Mobile App Marketing
It’s the inevitable question that is going to come up in every marketing presentation regardless of the product or service: “how much is this gonna cost me?” Good question, but our answer is not so black and white. Let’s first discuss how a mobile advertiser can choose to purchase ads on the major ad networks — Google and Facebook. These two giants control almost ⅔ of the overall USA mobile advertising market.
Google offers both pay per click (PPC) advertising initiated via search and it also has a popular display network that is second only to Facebook in revenue. The company’s search engine marketing, or pay per click network, is known as Google AdWords. Google’s advertising display product, known as the Google Display Network, reaches 92% of all websites and is also included within apps that sell advertising. If you aren’t sure about the difference between its pay per click and display products, this graphic will explain it for you.
Here’s a look at the average click through rate and cost per click by vertical market on Google AdWords. According to WordStream, the average click and tap through rate on Google AdWords pay per click is 3.17%. The average click and tap through rate on the Google Display Network is 0.46%.
Those pay per click (PPC) taps, or clicks on AdWords, cost on average, $2.69 a click. On the Google Display Network the average cost per click is 63 cents. This might make you believe that the Display Network is a far better deal than pay per click is since the cost per click is so much lower. But, that fails to take intent into consideration. A tap or click on pay per click is likely lower in the sales funnel and that consumer is ready to buy now.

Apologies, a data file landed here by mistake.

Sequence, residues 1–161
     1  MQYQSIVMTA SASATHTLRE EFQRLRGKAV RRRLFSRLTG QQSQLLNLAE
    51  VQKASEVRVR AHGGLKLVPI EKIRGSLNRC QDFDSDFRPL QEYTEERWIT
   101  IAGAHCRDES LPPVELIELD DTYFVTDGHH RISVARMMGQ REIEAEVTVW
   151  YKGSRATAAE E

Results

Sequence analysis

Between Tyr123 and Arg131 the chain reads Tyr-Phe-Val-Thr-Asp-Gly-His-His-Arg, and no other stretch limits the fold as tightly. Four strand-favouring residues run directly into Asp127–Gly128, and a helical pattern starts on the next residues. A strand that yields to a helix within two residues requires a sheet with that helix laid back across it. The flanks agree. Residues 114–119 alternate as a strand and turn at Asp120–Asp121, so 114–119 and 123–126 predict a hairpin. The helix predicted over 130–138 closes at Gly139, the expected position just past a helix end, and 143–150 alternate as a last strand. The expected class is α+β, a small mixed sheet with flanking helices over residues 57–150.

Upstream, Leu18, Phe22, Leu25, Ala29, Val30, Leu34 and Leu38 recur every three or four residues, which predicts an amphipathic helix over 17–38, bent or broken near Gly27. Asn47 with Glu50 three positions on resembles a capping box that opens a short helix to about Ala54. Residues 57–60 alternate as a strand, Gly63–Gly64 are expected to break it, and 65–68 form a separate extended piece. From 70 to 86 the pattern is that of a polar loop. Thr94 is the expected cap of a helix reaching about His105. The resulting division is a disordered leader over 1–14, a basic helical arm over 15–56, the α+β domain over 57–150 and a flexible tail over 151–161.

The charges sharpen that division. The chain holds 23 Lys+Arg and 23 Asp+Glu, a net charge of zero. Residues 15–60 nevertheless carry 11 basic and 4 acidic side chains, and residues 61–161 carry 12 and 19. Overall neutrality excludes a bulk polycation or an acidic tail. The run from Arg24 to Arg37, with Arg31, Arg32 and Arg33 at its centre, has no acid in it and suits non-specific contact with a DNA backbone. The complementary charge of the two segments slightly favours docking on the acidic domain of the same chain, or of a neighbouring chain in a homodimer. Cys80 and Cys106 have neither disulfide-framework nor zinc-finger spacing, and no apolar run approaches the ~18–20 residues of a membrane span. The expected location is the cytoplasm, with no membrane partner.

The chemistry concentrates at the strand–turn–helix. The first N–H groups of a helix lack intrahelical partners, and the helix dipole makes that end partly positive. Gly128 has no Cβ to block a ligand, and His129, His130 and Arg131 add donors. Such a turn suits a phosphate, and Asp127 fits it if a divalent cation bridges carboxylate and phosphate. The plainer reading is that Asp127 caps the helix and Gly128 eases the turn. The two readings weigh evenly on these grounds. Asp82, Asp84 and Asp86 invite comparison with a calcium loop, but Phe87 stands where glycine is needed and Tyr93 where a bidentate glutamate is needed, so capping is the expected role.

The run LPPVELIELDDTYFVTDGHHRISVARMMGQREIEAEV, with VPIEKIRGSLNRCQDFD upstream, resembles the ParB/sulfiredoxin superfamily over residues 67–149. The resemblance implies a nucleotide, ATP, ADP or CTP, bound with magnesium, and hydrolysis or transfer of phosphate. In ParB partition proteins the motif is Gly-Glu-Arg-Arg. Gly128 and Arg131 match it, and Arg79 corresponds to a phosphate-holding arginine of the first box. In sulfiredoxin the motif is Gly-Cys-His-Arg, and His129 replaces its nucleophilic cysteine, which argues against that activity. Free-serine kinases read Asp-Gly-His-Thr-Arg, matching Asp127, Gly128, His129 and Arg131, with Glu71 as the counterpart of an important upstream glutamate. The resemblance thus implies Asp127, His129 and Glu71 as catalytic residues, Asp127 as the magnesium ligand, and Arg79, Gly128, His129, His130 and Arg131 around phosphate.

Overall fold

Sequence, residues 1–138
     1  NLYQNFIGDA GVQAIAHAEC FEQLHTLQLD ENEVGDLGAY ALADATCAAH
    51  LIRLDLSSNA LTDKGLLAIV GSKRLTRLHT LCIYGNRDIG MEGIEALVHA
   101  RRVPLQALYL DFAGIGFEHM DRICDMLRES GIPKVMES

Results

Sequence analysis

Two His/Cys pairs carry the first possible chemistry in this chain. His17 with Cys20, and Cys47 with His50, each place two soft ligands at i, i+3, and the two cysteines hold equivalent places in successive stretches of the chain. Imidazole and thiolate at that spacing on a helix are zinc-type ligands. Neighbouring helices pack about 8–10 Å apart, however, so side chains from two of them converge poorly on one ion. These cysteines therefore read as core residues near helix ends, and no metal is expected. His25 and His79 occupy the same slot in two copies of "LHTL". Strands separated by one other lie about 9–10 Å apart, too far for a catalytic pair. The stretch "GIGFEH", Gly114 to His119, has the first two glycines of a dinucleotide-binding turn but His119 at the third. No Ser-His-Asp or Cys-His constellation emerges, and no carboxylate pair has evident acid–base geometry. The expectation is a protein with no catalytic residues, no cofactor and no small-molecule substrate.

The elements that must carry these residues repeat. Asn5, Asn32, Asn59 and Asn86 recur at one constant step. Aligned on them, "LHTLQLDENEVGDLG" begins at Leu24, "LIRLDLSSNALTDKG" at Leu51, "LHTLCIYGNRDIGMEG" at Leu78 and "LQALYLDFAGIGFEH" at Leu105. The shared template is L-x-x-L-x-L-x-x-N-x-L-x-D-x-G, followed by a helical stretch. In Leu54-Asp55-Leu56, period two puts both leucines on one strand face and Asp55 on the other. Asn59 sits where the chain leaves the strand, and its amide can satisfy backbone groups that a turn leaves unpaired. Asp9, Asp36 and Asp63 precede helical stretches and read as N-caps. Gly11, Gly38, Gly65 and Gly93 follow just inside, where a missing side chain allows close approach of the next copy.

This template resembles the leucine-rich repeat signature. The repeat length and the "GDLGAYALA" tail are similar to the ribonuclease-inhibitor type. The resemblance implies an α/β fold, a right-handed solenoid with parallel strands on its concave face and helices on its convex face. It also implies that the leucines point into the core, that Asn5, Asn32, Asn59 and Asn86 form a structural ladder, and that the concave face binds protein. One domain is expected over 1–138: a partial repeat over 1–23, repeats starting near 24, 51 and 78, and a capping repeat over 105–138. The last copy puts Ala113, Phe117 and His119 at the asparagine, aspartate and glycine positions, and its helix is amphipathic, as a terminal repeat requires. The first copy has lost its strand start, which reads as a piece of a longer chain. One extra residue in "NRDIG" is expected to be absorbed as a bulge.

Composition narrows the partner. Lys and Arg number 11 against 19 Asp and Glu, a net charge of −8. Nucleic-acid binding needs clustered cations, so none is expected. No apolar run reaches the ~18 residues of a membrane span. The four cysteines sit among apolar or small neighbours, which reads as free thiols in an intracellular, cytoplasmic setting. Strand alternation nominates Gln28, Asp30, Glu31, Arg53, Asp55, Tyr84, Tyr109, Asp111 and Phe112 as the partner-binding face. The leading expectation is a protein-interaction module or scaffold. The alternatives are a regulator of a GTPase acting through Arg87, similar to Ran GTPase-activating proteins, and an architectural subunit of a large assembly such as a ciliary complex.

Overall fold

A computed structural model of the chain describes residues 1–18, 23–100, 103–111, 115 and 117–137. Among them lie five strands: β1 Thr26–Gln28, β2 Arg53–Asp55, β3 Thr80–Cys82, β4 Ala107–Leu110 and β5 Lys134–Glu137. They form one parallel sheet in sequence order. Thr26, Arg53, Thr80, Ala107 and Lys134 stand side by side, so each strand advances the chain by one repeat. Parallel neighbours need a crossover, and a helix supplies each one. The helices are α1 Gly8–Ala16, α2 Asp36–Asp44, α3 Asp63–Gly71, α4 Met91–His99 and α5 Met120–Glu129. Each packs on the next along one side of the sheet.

Google AdWords Pay Per Click
During the COVID-19 pandemic, there have been a lot of budgets migrating to using more pay per click advertising. That’s because businesses need business NOW, and they need to be seen online. There’s no time for branding campaigns.
Contrary to what many people think, Google determines what pay per click advertisement to show based on more than just the bid you are willing to pay. “Quality Score,” or Google’s judgement of how qualified your site is to accept that ad, plays a critical role as well.
Google Display Network
The Google Display Network not only has the most online publishers, but it also has data that no other platform has — Google’s own proprietary search inquiries. Its targeting is greatly enhanced by its ability to add device search data to locate your best potential customers; this is a huge benefit to the advertiser and a tremendous benefit that is exclusive to Google.
Google Display enables advertisers to purchase ads three different ways: